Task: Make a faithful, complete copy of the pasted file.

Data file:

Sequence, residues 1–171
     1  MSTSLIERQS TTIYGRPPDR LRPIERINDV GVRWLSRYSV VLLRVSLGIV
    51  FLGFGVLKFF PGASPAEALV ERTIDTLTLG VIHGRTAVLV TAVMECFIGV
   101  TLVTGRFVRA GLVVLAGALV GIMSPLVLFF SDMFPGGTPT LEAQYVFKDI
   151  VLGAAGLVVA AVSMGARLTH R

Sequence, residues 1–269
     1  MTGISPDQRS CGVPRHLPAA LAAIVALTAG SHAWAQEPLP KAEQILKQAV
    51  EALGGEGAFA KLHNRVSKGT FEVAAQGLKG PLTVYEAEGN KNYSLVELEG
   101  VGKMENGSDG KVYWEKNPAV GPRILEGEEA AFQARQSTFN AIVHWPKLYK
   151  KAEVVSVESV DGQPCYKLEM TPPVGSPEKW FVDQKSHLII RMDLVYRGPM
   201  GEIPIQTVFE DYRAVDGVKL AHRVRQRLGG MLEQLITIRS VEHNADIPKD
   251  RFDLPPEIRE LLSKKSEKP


Sequence, residues 1–171
     1  MSTSLIERQS TTIYGRPPDR LRPIERINDV GVRWLSRYSV VLLRVSLGIV
    51  FLGFGVLKFF PGASPAEALV ERTIDTLTLG VIHGRTAVLV TAVMECFIGV
   101  TLVTGRFVRA GLVVLAGALV GIMSPLVLFF SDMFPGGTPT LEAQYVFKDI
   151  VLGAAGLVVA AVSMGARLTH R

Sequence, residues 1–269
     1  MTGISPDQRS CGVPRHLPAA LAAIVALTAG SHAWAQEPLP KAEQILKQAV
    51  EALGGEGAFA KLHNRVSKGT FEVAAQGLKG PLTVYEAEGN KNYSLVELEG
   101  VGKMENGSDG KVYWEKNPAV GPRILEGEEA AFQARQSTFN AIVHWPKLYK
   151  KAEVVSVESV DGQPCYKLEM TPPVGSPEKW FVDQKSHLII RMDLVYRGPM
   201  GEIPIQTVFE DYRAVDGVKL AHRVRQRLGG MLEQLITIRS VEHNADIPKD
   251  RFDLPPEIRE LLSKKSEKP